Jody Carey and Dennis Wood were living in North Park when they bought what they thought would be an investment property near Manzanita Canyon in City Heights.
“We found this house we thought we would be a flip, but we fell in love with the neighborhood and the people who live here,” Wood said. “So we decided to fix it up and move in ourselves.”
That was back in February 2004. Carey and Wood have been lending a hand in improving City Heights since, volunteering thousands of hours cleaning up neighborhood canyons, creating community spaces and rehabilitatng the homes of strangers.
The pair are being recognized as San Diego’s Outstanding Organizational Volunteers during the National Philanthropy Day awards banquet. The awards, presented by National University’s Sanford Institute of Philanthropy, will be presented Nov. 9 at the Hilton San Diego Bayfront Hotel. National Philanthropy Day, now in its 43rd year, is organized by the Association of Fundraising Professionals, San Diego Chapter.
The couple were nominated by the Ocean Discovery Institute, San Diego Canyonlands, community organizer Linda Pennington, and others.
Carey and Wood, parents to 2-year-old son Sam, say they are getting as much as they are giving.
“When you see the impact that these projects have, when we see the return in the community, it validates what we are doing,” Wood said.
Among their more recent projects, Carey and Wood provided their leadership and expertise by donating significant contractor services to transform a neglected patch of dirt and weeds at the mouth of Manzanita Canyon into a City Heights jewel – the Manzanita Gathering Place. Once a hotbed for criminal activity, the Manzanita Gathering Place is now a pocket park complete with benches, artwork, drought-tolerant plants and mosaic columns supporting canopies that provide plenty of shade.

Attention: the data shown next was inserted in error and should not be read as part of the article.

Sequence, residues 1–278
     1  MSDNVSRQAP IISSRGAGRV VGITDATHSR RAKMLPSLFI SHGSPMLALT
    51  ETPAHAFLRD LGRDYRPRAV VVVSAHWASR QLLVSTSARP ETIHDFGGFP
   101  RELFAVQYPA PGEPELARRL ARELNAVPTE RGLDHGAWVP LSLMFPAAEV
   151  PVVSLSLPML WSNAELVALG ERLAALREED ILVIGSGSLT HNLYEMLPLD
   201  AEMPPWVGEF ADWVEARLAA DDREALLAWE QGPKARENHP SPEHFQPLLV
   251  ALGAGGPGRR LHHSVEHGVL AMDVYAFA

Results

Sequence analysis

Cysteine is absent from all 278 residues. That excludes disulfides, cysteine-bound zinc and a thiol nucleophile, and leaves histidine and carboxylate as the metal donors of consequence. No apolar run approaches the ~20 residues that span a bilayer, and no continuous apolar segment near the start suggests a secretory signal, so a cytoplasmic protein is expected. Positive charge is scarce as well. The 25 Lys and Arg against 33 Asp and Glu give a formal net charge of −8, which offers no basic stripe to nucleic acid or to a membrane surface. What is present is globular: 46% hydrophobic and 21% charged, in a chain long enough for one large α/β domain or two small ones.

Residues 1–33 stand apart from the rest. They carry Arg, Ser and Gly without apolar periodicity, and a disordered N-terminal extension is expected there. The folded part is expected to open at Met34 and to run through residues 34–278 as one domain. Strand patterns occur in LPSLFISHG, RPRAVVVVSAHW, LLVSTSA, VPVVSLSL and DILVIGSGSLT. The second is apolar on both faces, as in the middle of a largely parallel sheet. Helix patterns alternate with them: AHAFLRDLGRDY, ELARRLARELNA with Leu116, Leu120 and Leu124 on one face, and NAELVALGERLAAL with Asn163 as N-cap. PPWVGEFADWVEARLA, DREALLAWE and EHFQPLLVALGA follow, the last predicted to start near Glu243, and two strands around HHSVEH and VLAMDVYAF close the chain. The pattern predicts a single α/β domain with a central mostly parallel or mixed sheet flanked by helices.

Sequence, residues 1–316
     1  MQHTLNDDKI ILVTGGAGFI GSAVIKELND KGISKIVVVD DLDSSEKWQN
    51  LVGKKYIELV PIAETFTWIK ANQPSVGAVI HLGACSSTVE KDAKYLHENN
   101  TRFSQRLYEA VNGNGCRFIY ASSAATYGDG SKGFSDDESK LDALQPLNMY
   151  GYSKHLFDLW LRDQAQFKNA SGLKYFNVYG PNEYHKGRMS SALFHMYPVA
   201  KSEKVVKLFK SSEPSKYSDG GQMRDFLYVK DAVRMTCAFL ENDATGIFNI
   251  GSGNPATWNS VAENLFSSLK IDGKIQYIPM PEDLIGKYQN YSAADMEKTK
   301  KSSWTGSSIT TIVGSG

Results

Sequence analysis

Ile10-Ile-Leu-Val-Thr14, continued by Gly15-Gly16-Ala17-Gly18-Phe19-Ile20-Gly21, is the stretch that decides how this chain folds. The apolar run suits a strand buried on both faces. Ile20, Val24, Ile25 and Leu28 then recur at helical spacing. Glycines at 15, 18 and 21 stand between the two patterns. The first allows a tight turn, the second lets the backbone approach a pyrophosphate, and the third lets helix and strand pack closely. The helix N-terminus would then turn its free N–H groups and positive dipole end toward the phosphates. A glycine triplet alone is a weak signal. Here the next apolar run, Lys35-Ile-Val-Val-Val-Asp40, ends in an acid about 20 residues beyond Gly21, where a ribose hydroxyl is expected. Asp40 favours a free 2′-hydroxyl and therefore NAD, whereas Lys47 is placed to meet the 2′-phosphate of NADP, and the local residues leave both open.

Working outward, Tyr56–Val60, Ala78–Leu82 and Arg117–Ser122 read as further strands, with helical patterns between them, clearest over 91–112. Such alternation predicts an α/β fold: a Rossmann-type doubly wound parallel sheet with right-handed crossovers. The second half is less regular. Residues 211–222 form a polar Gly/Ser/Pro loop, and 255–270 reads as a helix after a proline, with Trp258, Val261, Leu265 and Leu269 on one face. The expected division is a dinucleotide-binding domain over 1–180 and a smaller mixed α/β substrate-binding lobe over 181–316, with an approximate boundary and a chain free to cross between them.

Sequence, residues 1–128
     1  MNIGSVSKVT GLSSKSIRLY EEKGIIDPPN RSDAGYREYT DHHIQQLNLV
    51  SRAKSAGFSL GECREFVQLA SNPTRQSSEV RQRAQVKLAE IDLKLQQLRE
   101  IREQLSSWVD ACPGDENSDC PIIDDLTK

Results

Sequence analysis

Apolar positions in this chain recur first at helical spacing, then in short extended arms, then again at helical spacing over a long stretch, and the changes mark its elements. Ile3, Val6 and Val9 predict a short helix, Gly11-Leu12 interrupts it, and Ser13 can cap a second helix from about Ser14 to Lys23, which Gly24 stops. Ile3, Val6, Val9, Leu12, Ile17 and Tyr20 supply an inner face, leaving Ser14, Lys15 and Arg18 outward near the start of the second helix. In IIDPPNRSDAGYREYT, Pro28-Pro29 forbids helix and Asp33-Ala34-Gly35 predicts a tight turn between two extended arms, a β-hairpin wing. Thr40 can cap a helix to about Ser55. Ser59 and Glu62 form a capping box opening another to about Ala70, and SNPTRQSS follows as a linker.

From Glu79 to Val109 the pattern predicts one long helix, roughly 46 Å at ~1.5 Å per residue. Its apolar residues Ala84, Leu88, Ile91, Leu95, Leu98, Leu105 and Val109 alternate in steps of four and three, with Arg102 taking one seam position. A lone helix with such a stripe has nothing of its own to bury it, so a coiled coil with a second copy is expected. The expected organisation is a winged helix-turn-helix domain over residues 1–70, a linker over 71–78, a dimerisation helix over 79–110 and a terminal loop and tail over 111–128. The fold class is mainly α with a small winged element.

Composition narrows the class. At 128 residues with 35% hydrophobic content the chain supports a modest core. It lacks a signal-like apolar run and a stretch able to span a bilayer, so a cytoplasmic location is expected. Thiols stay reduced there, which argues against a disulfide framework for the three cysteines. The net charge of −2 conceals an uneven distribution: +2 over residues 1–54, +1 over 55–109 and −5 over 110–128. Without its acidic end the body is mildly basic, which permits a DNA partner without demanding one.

The Gathering Place, enjoyed by young and old alike, sits just a block from Florence Joyner Elementary School and just above the Ocean Discovery Institute’s future Living Lab that will provide tuition-free science education to thousands of children.
Carey and Wood also have contributed to the rehabilitation and restoration of all four major canyons bisecting the City Heights community, canyons that serve as a watershed leading to San Diego Bay. San Diego Canyonlands volunteers and Ocean Discovery Institute students routinely use these spaces for environmental education, and the City Heights couple regularly walk through the areas performing site preparation, team management, and native species planting.
In addition, the couple, who own a construction company, have helped rehabilitate dozens of homes over the year through Community HousingWorks’ FaceLift program.
Their work has helped transform City Heights’ canyons from dangerous, crime-ridden no-man’s-lands to housing a system of safe trails so that 20,000 youths can go outside and experience nature in a safe environment.
Their most impressive accomplishment, however, has been inspiring and working alongside families – parents, grandparents, and children – providing them with a sense of ownership that encourages the community to care for its outdoor spaces.